Oliver Stone: Hitler Treated Unfairly by Jewish-Controlled Media

I know, I know, Oliver Stone (nee, sort of, Silverstein) is nuts. But he's nuts with an audience. And parts of his audience, no doubt, will be receptive to this line of anti-Semitic argument:

The 10-part documentary [which Stone is planning] will address Stalin and Hitler "in context", he says. "Hitler was a Frankenstein but there was also a Dr Frankenstein. German industrialists, the Americans and the British. He had a lot of support."

He also seeks to put his atrocities in proportion: "Hitler did far more damage to the Russians than the Jewish people, 25 or 30m."

Why such a focus on the Holocaust then? "The Jewish domination of the media," he says. "There's a major lobby in the United States. They are hard workers. They stay on top of every comment, the most powerful lobby in Washington. Israel has fucked up United States foreign policy for years."
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Jeffrey Goldberg is a national correspondent for The Atlantic and a recipient of the National Magazine Award for Reporting. He is the author of Prisoners: A Story of Friendship and Terror. More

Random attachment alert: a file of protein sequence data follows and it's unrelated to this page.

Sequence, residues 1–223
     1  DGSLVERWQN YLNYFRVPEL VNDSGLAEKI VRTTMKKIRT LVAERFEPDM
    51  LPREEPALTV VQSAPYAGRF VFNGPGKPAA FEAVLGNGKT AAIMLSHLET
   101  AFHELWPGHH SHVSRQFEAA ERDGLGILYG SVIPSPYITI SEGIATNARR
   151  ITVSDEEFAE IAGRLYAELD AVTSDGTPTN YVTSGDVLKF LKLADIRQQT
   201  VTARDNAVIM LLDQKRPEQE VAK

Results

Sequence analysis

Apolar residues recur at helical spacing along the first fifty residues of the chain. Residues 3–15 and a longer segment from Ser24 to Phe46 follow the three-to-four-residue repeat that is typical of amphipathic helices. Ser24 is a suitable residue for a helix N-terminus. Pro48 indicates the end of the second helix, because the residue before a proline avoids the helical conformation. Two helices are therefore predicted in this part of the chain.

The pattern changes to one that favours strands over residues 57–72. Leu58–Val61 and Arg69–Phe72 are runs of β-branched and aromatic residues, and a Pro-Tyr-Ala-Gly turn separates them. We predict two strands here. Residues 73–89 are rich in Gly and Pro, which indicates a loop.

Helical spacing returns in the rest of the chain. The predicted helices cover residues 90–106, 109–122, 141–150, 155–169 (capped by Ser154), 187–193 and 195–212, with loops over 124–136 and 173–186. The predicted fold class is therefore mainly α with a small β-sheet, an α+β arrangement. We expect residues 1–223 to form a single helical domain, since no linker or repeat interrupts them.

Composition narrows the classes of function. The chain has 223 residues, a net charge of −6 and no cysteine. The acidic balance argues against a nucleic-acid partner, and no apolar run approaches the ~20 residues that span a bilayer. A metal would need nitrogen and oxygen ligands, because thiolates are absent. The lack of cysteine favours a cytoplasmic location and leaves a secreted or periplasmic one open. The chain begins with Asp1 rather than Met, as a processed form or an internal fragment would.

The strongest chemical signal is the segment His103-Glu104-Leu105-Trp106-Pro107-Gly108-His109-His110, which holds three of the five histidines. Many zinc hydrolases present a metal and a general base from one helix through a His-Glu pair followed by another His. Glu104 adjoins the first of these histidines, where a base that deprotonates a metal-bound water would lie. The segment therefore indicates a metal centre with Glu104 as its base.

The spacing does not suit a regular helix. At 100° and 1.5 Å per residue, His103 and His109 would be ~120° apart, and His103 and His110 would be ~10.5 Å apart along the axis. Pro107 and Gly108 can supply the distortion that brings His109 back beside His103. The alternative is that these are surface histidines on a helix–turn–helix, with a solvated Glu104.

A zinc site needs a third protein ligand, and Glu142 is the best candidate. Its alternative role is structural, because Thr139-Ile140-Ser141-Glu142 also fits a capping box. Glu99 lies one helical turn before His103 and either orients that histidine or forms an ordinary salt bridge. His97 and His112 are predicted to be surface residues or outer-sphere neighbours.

Before joining The Atlantic in 2007, Goldberg was a Middle East correspondent, and the Washington correspondent, for The New Yorker. He was previouslly a correspondent for The New York Times Magazine and New York magazine. He has also written for the Jewish Daily Forward and was a columnist for The Jerusalem Post.

Goldberg's book Prisoners was hailed as one of the best books of 2006 by the Los Angeles Times, The New York Times, The Washington Post, Slate, The Progressive, Washingtonian magazine, and Playboy. He received the 2003 National Magazine Award for Reporting for his coverage of Islamic terrorism and the 2005 Anti-Defamation League Daniel Pearl Prize. He is also the winner of the International Consortium of Investigative Journalists prize for best international investigative journalist; the Overseas Press Club award for best human-rights reporting; and the Abraham Cahan Prize in Journalism.

In 2001, Goldberg was appointed the Syrkin Fellow in Letters of the Jerusalem Foundation, and in 2002 he became a public-policy scholar at the Woodrow Wilson International Center for Scholars in Washington, D.C.

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